Even as the Obama administration takes unprecedented steps to restore the confidence of our veterans, serious challenges remain, from force structure and dwell time to consistent provision of post-combat care. One challenge looming on the horizon is the state of the ground forces, after years of fighting in two wars.  The Center for Strategic and Budgetary Analysis raised concerns in a recent study: “Taken together, the impact of the wars on troop quality, force structure, modernization plans, and materiel readiness poses a serious challenge for overall Army readiness. Eroding troop quality, a force structure that is not optimized for irregular warfare, and weapons that are too expensive to field in sufficient quantity risk having devastating consequences on overall military effectiveness.”  Dwell time stands out as particular concern.  In a piece for Foreign Policy, Robert Haddick described how “[t]he Army now considers a routine of 12 months deployed, 24 months home sustainable in the long run. The Army believes it can implement this routine if it limits its commitment to Afghanistan and Iraq to no more than 10 brigades.” But, as Haddick goes on to point out, “one Marine and six Army brigades are currently serving in Afghanistan. These seven brigades are part of the 68,000 U.S. troops in the country. McChrystal's 40,000-soldier increase would bring the U.S. brigade count in Afghanistan to at least 11 and probably more.”  Haddick concluded by saying: “Assuming the U.S. really does evacuate all of its troops from Iraq by the end of 2011, the Army and the Marine Corps would find a way to sustain the larger effort in Afghanistan while also increasing home-station time.”  

Additional steps must also be taken to increase veterans’ access to quality health care.  A brief by the RAND Corporation indicated that “Mental health specialty care for conditions such as PTSD and depression is not readily available in many parts of the country” and that “[m]ost mental health specialists are concentrated in urban areas.”  In addition, the Brief also found that treatment across the country is not always in keeping with best-practices, and still faces significant standardization hurdles. [CSBA, 8/12/09. Robert Haddick, via Foreign Policy, 10/23/09. RAND, 5/17/09]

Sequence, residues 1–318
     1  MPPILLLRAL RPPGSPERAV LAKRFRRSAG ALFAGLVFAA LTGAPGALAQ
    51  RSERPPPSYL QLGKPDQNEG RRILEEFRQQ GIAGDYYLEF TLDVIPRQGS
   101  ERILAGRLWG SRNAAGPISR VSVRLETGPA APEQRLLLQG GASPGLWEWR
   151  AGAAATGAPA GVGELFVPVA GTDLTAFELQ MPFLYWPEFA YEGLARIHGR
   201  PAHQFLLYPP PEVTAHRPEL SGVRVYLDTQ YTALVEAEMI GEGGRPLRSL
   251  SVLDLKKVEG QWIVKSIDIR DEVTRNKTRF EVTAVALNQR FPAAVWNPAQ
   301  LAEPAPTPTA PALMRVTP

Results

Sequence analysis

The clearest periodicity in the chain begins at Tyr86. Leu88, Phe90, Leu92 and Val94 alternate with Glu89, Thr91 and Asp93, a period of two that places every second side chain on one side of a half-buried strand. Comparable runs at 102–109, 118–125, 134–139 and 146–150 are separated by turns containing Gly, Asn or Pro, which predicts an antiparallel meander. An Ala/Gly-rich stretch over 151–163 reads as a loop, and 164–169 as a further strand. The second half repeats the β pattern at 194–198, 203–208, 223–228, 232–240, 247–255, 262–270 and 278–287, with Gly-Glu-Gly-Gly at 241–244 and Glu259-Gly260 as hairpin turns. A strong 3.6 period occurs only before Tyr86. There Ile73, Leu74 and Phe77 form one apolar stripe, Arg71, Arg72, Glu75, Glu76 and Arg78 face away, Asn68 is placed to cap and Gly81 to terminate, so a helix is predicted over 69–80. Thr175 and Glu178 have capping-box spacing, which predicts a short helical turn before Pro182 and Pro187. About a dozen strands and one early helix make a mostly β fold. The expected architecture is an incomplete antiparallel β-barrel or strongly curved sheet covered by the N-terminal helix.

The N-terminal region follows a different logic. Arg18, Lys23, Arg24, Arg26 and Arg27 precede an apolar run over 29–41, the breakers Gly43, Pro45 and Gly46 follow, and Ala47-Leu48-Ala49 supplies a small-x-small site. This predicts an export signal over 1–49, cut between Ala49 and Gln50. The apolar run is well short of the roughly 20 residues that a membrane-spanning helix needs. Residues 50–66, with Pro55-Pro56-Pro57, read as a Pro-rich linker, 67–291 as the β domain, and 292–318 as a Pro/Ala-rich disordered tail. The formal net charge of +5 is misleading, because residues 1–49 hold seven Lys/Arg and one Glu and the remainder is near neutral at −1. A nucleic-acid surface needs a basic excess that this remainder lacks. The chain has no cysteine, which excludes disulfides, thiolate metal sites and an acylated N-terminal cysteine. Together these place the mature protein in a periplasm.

What We’re Reading

The new government of Japan has pledged $5 billion in aid to the Afghan government.

North and South Korean navy vessels exchanged fire for the first time in seven years, leaving a North Korea boat in flames. In addition, President Obama will send a senior official for direct talks with the North Korean regime; the first time there has been direct talks in over a year.

The latest car bomb in Peshawar killed at least 20 people, as Taliban militants continue their asymmetric campaign against the Pakistani government’s ability to protest civilians.

The US military in Iraq has quietly urged Kurdish and Arab soldiers to work together and act more professionally, in a bid to head off rising Arab-Kurdish tensions. Meanwhile, women rise within the ranks of the Iraqi Police Force, and a Sunni Awakening leader is arrested for outstanding murder charges. Iranian dissidents exiled at Camp Ashraf continue to vex American and Iraq security officials.

Three American hikers who crossed the Turkish border into Iran in late July were charged with espionage.

The rampant war against drugs in Mexico is now drawing in women who slip by traditional security measures, or drug addicts whose ranks increasingly include women.

The threat of resignation by Palestinian Authority President Mahmoud Abbas is causing fear that the nascent governance apparatus for the West Bank will be dismantled entirely, causing a huge vacuum in political leadership. During his visit to Washington, Israeli Prime Minister Benjamin Netanyahu called for renewed peace talks, but he didn’t list any new confidence-building measures by the Israelis.

Lebanese Prime Minister-designate Saad Hariri has finally formed a cabinet and a coalition government, five months after his coalition of parties won parliamentary elections.

Saudi Arabia’s entry into the growing insurgency in Yemen has entered a sixth day, with both the Saudi military and Houthi rebels claiming tactical victories against the others.

Commentary of the Day

Peter Andreas celebrates the 20th anniversary of the fall of the Berlin Wall by highlighting the growing wall between the wealthiest and the poorest nations, and advising on how to prevent further isolation based on unequal economic growth.

The New York Times applauds the Iraqi Parliament for passing an election law for January’s election, but they highlight that political reconciliation is a process, not just a parliamentary vote.

Tom Hayden urges President Obama to continue using tools of diplomacy to seek political reconciliation in Afghanistan, rather than becoming more and more dependent on a military solution for Afghanistan’s political stalemate.